WASHINGTON Lack of a public policy on manufacturing is the main obstacle to a vibrant factory sector in the United States, according to a study which also dismissed the notion that high wages are frustrating growth.
The study by the Metropolitan Policy Program at the Brookings Institution comes amid a push by both politicians and business groups to put factories at the center of the economy.
But these efforts could fall flat without a framework similar to that in countries like Germany and Canada where factory job losses have been minimal.
"There is lack of political will to do anything about it and that has been true for a long period of time," said Howard Wial, an economist and fellow at Brookings. "We let manufacturing shed jobs and we let offshoring happen to a much greater degree than almost any other advanced country."
Manufacturing lost dominance in the economy in the 1980s as companies shipped work to low-cost countries in Asia, particularly China. Between June 1979 and December 2009, the country lost 41 percent of its manufacturing jobs, the study said.
The loss of factory jobs worsened further, with manufacturing's total share of employment falling to 8.9 percent in December 2009 from 13.2 percent in 2000.
"Countries in continental Europe as well as Canada are performing much better. They shed much fewer jobs, particularly over the last decade and many have higher wages," said Wial, who co-authored the study, told Reuters.
"They have policies and strategies for trying to retain manufacturing jobs and higher wages, and we really don't."
LESSONS FROM GERMANY
While German manufacturing employment contracted only 2.2 percent between 1990 and 2000, factory jobs in the United States fell 7.8 percent.
Between 2000 and 2010 factory jobs in Germany dropped 6.0 percent compared to a hefty 28.3 percent in the United States.
Manufacturing allows Germany to maintain a trade surplus, something that the study said the United States could emulate to address its huge trade deficit.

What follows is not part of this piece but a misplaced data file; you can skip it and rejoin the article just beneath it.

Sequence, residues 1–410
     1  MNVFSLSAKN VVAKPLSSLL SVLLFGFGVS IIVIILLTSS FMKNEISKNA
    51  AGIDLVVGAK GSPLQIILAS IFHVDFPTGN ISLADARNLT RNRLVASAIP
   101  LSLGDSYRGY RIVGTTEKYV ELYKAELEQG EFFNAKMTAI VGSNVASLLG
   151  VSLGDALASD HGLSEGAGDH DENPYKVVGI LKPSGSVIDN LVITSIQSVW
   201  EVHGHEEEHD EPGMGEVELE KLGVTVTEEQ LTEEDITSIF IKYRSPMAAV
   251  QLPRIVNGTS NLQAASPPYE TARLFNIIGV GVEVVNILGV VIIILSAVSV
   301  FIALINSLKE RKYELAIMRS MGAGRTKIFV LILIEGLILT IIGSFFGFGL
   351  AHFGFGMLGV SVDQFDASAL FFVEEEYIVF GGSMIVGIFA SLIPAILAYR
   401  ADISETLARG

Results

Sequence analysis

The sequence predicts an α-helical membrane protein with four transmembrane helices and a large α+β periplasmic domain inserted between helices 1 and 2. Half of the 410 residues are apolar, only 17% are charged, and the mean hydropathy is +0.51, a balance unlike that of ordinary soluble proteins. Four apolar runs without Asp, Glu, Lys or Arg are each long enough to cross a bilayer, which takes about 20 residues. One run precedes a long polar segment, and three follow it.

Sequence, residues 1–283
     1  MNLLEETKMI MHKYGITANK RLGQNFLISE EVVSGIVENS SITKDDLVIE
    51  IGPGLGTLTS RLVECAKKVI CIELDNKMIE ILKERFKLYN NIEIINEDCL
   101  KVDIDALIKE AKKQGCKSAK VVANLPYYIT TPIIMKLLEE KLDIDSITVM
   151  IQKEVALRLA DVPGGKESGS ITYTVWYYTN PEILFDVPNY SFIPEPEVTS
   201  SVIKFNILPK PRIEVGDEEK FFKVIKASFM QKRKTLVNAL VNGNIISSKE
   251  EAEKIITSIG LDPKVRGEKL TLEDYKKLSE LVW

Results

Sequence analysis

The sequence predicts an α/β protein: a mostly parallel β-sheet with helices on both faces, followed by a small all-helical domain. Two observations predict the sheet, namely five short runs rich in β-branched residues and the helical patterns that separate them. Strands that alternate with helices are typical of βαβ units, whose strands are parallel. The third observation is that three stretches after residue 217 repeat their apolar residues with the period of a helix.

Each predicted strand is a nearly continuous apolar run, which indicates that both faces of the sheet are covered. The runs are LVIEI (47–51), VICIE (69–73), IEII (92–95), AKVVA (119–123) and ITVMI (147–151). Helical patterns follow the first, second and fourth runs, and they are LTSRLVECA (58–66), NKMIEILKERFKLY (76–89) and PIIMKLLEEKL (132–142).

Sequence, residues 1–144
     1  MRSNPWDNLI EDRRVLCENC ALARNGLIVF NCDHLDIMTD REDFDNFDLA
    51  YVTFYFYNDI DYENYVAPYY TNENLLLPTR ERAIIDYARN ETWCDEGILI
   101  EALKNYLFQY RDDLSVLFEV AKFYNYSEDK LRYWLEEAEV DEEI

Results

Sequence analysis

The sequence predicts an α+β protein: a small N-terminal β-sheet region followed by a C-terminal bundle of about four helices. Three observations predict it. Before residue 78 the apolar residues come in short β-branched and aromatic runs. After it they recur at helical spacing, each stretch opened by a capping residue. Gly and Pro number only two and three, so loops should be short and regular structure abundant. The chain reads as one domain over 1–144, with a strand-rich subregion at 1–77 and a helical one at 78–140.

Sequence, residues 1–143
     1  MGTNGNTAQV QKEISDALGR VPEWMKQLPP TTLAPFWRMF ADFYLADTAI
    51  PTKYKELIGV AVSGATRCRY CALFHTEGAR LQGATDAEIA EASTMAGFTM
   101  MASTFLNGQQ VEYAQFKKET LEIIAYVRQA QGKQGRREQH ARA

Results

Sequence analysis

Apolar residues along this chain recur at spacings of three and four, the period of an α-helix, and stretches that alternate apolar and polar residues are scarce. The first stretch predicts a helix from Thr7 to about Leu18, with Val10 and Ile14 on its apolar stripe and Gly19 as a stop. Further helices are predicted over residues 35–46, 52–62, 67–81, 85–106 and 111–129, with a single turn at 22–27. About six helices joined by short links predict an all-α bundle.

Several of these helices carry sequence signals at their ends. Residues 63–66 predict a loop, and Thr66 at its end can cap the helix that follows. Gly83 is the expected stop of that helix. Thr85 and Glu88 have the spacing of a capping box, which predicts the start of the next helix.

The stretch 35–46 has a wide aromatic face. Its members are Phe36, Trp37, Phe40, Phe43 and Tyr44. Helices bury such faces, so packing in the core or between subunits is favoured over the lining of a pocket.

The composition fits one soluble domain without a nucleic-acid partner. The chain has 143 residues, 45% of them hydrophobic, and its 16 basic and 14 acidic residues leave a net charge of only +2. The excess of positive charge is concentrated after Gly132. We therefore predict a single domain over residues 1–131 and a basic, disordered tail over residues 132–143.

"Germany's manufacturing success is not accidental; public policy has played an important role," said the study.
It noted that the federal government in Germany has facilitated rich networks for research and development, and workers and employers benefit from a system of continuous vocational training.
Firms also enjoy stable access to finance, the study said.
"Sturdy worker protections ensure that instead of solving problems through short-run cost-cutting, German employers and unions work together to adopt high-road solutions that strengthen firm competitiveness in the long term," it said.
The study said hoping that the sector will bounce back and grow on its own once exchange rates find their correct level was misguided optimism. It noted that it was very difficult to revive an industry after its sales and employment have dramatically shrunk.
"The frayed production networks in such industries as tooling and electronics should be cause for great concern. The sooner the United States acts to shore up its manufacturing sector, the easier it will be," it said.
U.S. factories are regaining some of their lost glory and played a key role in lifting the economy out of the 2007-09 recession. Manufacturing employment rose 225,000 last year, sustaining gains for the first time since 1997. But this is just a drop in the ocean.
"The recent manufacturing job gains pale in comparison to the losses since 2000," the study said.
"At the rate of manufacturing job growth that the nation has seen since December 2009, it would take until 2037 for the nation to regain all the manufacturing jobs it lost between January 2000 and December 2009."
Most of the gains in employment have been in industries that manufacture goods intended to last three years or more.
These have been attributed to pent-up demand after the recession, a bounce back in auto production and rising wages in China following a small increase in the value of the yuan since mid-2010.
The study said the modest job gains were likely to continue, but warned there was little confidence that the trend would strengthen without major policy changes.
It dismissed the argument that high wages and rapid growth in productivity were the main causes of job losses. The study found manufacturers in other industrialized nations pay significantly higher wages than in the United States.
The most recent data from the Bureau of Labor Statistics shows the United States trailing behind 12 European countries and Australia.
"Contrary to some popular arguments, then, it is not high wages that prevent manufacturers from retaining or expanding employment in the United States," the study said.
"Countries where manufacturing wages are higher than in the United States have not lost manufacturing employment more rapidly than the United States."
Even as manufacturing employment has been growing, inflation-adjusted hourly factory wages in manufacturing fell between December 2009 and September 2011.
(Reporting By Lucia Mutikani; Editing by Chizu Nomiyama)